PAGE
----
4. 5 out of 5

    Caer

    I think my rating deserves some explanation. This is really one of the better books I've read in the adolescent fantasy genre, and at its beginning I found it both extremely imaginative and beautifully written. Seigel's takes on the some of the traditional fantasy creatures are lovely- I absolutely adored her characterization of the mermaid! She was obviously drawing on their darker, earlier origins while creating them, which is commendable, and gives the world a Brothers Grimm/folklore-ish atmo I think my rating deserves some explanation. This is really one of the better books I've read in the adolescent fantasy genre, and at its beginning I found it both extremely imaginative and beautifully written. Seigel's takes on the some of the traditional fantasy creatures are lovely- I absolutely adored her characterization of the mermaid! She was obviously drawing on their darker, earlier origins while creating them, which is commendable, and gives the world a Brothers Grimm/folklore-ish atmosphere. However, as the story progresses it falls into a very typical fantasy plotline, with no real twists or surprises, although it does contain a rather forced romance. The vivid reimaginings that mark the first few chapters are much lacking, if not entirely gone, by the ending, which I found somewhat disappointing as it it seemed like an obvious cliffhanger for the sequels. Having said that, though, I would definitely recommend this book to any fantasy fan who wants a relatively light read, simply because those first chapters really are wonderful!

  5. 5 out of 5

    Donna Barth

    I admit, I'm a sucker for fantasy books that draw from the ancient mythologies around the world, and this does a fabulous job reimagining some iconic and lesser-known characters and places. I definitely liked the Yorkshire section better than the Atlantis section, though in theory it was a brilliant twist. It became a completely different genre in the space of a page, and I found myself oddly disconnected from the main character. Even though it was technically the same Fern from the first part o I admit, I'm a sucker for fantasy books that draw from the ancient mythologies around the world, and this does a fabulous job reimagining some iconic and lesser-known characters and places. I definitely liked the Yorkshire section better than the Atlantis section, though in theory it was a brilliant twist. It became a completely different genre in the space of a page, and I found myself oddly disconnected from the main character. Even though it was technically the same Fern from the first part of the book, the story became radically different and I didn't like Fern as much as when she was a practical girl clinging to etiquette in the face of things that did not fit into her original, cozy worldview. Be that as it may, it was a fantastic book with gorgeous, if occasionally long-winded, prose. I loved the mysterious terror that infused Atlantis as the "Forbidden Past" and the madness and beauty that characterized its end, and therefore its reputation through the ages. The mix of cultures and traditions was extraordinary, and the depth and mystique this book lends history make me want to build my own time machine, though at the moment I'll settle for reading the sequel.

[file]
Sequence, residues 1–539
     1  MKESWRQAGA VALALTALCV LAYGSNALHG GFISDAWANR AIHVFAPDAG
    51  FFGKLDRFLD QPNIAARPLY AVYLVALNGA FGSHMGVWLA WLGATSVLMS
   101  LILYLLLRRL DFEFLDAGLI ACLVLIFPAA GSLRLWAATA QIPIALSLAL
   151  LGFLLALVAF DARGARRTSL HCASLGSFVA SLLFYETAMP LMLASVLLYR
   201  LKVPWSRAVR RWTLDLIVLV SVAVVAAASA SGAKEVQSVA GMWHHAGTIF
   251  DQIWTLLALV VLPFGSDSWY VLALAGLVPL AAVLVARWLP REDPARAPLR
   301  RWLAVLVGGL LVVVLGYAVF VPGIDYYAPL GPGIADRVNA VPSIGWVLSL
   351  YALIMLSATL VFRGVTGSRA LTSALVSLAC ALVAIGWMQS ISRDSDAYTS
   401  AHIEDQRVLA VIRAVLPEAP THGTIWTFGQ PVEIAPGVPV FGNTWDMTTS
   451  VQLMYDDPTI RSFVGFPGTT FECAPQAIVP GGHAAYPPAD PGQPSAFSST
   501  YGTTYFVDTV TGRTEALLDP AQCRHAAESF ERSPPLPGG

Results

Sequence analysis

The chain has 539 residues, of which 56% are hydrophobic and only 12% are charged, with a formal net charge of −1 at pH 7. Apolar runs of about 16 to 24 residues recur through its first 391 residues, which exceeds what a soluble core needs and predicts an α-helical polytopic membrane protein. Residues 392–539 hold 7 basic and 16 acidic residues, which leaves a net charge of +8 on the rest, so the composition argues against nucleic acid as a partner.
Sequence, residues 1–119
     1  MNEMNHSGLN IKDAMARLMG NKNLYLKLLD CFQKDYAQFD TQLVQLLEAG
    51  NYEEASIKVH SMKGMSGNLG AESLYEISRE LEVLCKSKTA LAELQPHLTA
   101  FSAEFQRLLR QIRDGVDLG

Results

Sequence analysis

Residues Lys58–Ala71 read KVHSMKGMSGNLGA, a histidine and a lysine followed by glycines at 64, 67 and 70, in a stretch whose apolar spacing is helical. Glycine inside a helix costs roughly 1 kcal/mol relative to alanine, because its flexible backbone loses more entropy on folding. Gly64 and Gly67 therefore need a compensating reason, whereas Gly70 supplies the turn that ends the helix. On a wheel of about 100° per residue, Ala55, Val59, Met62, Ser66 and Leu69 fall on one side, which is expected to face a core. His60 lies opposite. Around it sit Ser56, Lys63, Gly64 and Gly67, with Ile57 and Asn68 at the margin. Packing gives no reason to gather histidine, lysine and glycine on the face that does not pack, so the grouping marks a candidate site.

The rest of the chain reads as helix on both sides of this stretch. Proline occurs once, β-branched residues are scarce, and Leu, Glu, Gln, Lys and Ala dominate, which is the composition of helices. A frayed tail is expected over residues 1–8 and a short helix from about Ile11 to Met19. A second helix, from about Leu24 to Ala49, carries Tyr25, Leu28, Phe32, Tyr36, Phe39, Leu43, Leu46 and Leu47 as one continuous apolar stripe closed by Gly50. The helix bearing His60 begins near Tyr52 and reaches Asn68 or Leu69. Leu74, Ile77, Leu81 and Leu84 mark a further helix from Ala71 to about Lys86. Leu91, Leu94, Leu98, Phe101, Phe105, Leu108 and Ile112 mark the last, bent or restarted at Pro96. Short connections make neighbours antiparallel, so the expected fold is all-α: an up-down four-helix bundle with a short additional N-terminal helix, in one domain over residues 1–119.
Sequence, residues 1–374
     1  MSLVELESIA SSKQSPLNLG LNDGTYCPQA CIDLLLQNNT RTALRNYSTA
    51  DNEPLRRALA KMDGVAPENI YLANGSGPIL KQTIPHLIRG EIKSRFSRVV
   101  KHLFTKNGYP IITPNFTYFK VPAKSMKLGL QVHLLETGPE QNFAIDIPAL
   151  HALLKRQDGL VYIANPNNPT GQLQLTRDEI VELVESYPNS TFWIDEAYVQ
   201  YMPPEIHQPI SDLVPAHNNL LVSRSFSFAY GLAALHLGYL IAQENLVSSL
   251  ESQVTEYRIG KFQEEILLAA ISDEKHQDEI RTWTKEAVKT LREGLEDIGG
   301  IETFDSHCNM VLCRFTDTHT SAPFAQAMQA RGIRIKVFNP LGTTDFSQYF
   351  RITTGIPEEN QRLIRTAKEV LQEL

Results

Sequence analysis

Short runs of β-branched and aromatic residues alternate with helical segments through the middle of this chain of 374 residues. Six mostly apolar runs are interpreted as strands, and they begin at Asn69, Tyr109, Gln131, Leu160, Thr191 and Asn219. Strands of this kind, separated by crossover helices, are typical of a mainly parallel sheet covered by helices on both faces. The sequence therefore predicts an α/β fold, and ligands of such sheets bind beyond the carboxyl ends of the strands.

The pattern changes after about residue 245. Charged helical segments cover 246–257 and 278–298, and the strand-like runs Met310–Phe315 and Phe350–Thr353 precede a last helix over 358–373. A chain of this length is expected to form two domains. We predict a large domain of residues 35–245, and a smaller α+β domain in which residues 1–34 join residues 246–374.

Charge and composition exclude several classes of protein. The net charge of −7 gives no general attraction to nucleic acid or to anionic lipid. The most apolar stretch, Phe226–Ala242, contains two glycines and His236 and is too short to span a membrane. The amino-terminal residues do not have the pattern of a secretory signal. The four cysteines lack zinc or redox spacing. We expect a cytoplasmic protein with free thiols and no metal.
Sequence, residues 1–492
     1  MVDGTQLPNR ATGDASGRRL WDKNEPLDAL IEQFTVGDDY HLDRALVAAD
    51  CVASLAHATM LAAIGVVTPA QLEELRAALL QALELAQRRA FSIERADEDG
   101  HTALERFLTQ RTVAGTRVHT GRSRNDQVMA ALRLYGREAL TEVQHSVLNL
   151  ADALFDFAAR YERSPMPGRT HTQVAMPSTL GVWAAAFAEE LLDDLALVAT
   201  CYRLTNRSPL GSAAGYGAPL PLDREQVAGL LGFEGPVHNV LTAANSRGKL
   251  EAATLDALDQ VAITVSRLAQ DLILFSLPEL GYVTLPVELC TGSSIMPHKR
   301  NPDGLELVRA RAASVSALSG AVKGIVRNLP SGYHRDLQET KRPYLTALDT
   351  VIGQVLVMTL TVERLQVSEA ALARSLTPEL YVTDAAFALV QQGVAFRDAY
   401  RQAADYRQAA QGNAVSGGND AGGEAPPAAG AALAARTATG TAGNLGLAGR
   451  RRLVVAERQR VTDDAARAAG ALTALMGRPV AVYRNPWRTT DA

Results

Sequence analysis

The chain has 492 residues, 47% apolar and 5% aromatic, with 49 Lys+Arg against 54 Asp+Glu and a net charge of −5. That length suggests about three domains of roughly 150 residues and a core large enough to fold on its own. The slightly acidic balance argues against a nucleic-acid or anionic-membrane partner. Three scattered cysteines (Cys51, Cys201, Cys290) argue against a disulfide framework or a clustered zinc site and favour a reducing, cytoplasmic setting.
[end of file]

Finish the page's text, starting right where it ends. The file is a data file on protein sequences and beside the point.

6. 5 out of 5

    Olivia Muse

    For the PopSugar 2019 Reading Challenge: a book you think should be turned into a movie. Maybe I have rose colored glasses on for this one, but I have always loved this book. In the world of film, I think the pacing of the book would almost lend itself to horror, which I really love the idea of. Not likely to happen, but I think it would be cool.

  7. 5 out of 5

    ๑GloryPlutonian๑

    I read this book a long time ago and I remember really liking it. So I picked it off the shelf when I was looking for something to read recently. I don't know why there are so many bad reviews, the story was good, the characters were well developed (Rafarl is our Lord and Savior). ) For the most part though, I liked this book. Not sure if or when I’ll pick the second one up, but I didn’t feel like I’d wasted my time when I was done, and I got through it pretty easily. In my opinion Arc I was a b I read this book a long time ago and I remember really liking it. So I picked it off the shelf when I was looking for something to read recently. I don't know why there are so many bad reviews, the story was good, the characters were well developed (Rafarl is our Lord and Savior). ) For the most part though, I liked this book. Not sure if or when I’ll pick the second one up, but I didn’t feel like I’d wasted my time when I was done, and I got through it pretty easily. In my opinion Arc I was a bit slow but Arc II was really well-written and keeped my interest (Not only because of the unicorn) until the very end. And on top of that you have Rafarl who I kind of adore. HE DESERVED SO MUCH MORE, that ending was so sad.